Yuval Diskin, former Director of Shabak (Shin Bet) was interviewed by Spigel about the current situation in Gaza.
He’s not hopeful.
Yuval Diskin, former Director of Shabak (Shin Bet) was interviewed by Spigel about the current situation in Gaza.
He’s not hopeful.
As the fight in Gaza wears on, anti-Semites across Europe are attacking the continent’s Jews under the pretext of protesting Israel’s politics.
Since the beginning of the current war between Israel and Hamas, eight synagogues in France have been attacked. In Turkey, President Recep Tayyip Erdogan has asked for Jews to apologize for the actions of the Jewish state. In Germany, a prominent Muslim Imam gave a sermon asking Allah to kill all of the “Zionist Jews.”
The atmosphere in Europe since the beginning of the war has been so toxic that the foreign ministers of France, Italy, and Germany on Tuesday issued a rare joint statement condemning anti-Semitism at pro-Palestinian demonstrations.
All of this presents a troubling paradox for Zionism. The state of Israel was founded in 1948 as a haven for Jews. But in 2014 Europe’s anti-Semites have attacked Jews for the deeds of the Jewish state.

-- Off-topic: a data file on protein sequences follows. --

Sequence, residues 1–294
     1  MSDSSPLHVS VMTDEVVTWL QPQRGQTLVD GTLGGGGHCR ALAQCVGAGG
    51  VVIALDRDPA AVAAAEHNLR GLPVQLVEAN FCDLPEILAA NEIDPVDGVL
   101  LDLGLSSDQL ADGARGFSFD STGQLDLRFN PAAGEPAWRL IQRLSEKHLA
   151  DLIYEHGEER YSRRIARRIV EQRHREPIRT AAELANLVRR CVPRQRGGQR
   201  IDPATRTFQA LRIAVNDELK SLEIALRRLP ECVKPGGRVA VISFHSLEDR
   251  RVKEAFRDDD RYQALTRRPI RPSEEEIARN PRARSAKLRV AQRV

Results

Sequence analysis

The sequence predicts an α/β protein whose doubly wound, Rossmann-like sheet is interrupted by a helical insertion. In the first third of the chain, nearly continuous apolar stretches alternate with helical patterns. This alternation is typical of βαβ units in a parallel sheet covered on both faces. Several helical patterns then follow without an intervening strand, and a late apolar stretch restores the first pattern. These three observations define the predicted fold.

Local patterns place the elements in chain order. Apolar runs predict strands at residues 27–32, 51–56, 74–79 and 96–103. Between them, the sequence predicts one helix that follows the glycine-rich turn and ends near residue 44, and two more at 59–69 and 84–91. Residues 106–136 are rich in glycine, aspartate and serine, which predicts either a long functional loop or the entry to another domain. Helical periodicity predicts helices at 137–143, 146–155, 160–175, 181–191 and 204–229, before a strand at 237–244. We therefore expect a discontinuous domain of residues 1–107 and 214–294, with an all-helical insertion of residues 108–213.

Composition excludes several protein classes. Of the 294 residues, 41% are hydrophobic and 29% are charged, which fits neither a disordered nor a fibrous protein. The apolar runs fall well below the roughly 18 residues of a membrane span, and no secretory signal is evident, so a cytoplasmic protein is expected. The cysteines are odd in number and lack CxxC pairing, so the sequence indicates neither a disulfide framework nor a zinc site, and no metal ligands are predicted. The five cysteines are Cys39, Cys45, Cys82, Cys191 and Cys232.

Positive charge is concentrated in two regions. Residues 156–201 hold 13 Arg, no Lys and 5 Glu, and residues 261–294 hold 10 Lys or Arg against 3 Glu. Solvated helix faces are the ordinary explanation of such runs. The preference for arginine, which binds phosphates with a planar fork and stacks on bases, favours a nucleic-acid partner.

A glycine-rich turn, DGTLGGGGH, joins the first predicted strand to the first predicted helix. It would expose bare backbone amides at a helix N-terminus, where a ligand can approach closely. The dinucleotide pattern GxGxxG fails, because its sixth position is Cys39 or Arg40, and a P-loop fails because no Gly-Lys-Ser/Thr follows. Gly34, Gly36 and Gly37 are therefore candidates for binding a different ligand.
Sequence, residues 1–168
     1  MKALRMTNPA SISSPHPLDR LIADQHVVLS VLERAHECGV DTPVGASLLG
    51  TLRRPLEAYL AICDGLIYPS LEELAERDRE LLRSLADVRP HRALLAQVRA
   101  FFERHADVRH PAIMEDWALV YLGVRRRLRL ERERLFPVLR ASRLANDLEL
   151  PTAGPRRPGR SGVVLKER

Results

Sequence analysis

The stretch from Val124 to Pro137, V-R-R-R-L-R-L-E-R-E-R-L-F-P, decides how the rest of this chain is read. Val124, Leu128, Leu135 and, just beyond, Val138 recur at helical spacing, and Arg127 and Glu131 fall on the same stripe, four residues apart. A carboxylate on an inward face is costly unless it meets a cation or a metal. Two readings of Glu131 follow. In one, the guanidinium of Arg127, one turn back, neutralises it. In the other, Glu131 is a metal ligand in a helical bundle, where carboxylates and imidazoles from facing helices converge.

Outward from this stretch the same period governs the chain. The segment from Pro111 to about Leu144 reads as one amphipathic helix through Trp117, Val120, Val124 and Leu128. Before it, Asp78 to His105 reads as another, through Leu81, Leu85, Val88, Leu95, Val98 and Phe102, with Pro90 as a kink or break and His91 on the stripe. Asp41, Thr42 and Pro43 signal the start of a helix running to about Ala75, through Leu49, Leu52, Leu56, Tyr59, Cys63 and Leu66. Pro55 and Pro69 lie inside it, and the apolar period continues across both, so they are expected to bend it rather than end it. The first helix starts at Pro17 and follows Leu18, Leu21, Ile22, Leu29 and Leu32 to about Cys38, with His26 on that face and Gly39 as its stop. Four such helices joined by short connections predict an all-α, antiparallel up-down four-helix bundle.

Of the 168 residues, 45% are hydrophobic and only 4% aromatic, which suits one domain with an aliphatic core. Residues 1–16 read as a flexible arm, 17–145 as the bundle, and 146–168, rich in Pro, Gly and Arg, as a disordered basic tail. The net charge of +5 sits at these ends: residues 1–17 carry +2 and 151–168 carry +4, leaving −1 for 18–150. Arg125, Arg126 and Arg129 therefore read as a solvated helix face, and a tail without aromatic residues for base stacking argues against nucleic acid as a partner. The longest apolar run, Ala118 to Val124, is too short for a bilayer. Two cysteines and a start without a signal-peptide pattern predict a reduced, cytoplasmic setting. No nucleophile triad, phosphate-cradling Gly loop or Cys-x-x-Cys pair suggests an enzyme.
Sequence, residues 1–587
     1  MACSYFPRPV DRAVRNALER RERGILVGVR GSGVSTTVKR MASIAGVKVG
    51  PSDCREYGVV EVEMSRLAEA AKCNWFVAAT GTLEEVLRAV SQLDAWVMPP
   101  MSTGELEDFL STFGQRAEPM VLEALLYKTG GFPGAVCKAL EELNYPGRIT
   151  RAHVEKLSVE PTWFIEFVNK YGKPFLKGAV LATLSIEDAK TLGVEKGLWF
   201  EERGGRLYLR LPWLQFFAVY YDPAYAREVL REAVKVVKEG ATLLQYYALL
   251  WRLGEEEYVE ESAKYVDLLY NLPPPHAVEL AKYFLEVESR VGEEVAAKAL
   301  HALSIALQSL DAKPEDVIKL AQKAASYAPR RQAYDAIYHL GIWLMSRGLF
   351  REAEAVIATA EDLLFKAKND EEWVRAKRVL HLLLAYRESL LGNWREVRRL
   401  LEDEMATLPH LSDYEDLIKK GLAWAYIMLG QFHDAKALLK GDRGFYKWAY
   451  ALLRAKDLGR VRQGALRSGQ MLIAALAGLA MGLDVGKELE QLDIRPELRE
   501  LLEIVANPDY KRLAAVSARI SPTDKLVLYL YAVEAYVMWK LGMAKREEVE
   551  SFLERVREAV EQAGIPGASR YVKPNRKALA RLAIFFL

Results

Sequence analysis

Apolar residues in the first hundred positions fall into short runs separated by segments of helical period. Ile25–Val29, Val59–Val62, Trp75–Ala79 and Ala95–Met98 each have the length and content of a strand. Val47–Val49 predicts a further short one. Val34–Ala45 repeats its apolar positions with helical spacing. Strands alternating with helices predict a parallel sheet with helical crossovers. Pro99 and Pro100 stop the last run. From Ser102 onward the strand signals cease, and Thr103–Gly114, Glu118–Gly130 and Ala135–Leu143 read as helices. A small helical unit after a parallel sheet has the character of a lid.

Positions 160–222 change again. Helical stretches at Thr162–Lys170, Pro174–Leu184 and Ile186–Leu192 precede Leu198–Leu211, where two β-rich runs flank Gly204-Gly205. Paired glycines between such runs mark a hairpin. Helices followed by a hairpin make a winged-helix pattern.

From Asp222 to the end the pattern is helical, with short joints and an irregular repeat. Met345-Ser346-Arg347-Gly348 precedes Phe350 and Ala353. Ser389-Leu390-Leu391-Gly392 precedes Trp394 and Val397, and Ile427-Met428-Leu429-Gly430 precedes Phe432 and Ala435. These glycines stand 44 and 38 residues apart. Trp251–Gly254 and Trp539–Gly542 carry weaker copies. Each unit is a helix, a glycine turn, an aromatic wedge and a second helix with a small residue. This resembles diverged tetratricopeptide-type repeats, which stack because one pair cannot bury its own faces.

It is a classic anti-Semitic canard to punish any Jew for the perceived crimes of all of them. There is no evidence also to suggest that if Israel did not respond to rockets fired from Hamas, the Jews of Europe would be any safer or the continent’s anti-Semites would be any more tolerant. After all, some of the worst attacks on Jews in France occurred at a time of relative quiet in Israel.
But during a war that has claimed nearly 700 Palestinians and far fewer Israelis, Jewish leaders in Europe say their communities are being held responsible for the actions of Israel.
“If you are a French Jew you should not be responsible physically for what happens 4,000 kilometers away,” Roger Cukierman, the president of the umbrella organization representing the Jewish community in France known as CRIF, told The Daily Beast.
The latest battle in the ongoing war between Israel and Hamas (Operation Protective Edge) continued without any sign of letup. Israel’s military continues ground operations inside Gaza, while Hamas has continued firing rockets and missiles at Israel. Israeli ground forces have taken casualties while Gazan casualties continue to grow.
Thus far, Palestinians living in Gaza have taken the brunt of the fighting. There have been hundreds of casualties and it is still unclear just how many of them are civilians and how many have been Hamas fighters. Media outlets are relying almost exclusively on Hamas and PA sources for casualty counts, and Hamas has been notorious with lying about who was killed and conflating their casualties with civilians.
It is indisputable that Israel has hit civilians, including children in the course of the fighting and trying to hit at Hamas terrorists who are entrenched in urban areas and firing at Israel from within civilian areas. Israel reports that they’ve killed at least 270 terrorists, while the UN indicates that 479 have been killed overall, including 364 civilians, 76 militants, and 39 who they can’t classify. Gaza’s Health Ministry puts the tally at 632 killed and nearly 3,800 wounded.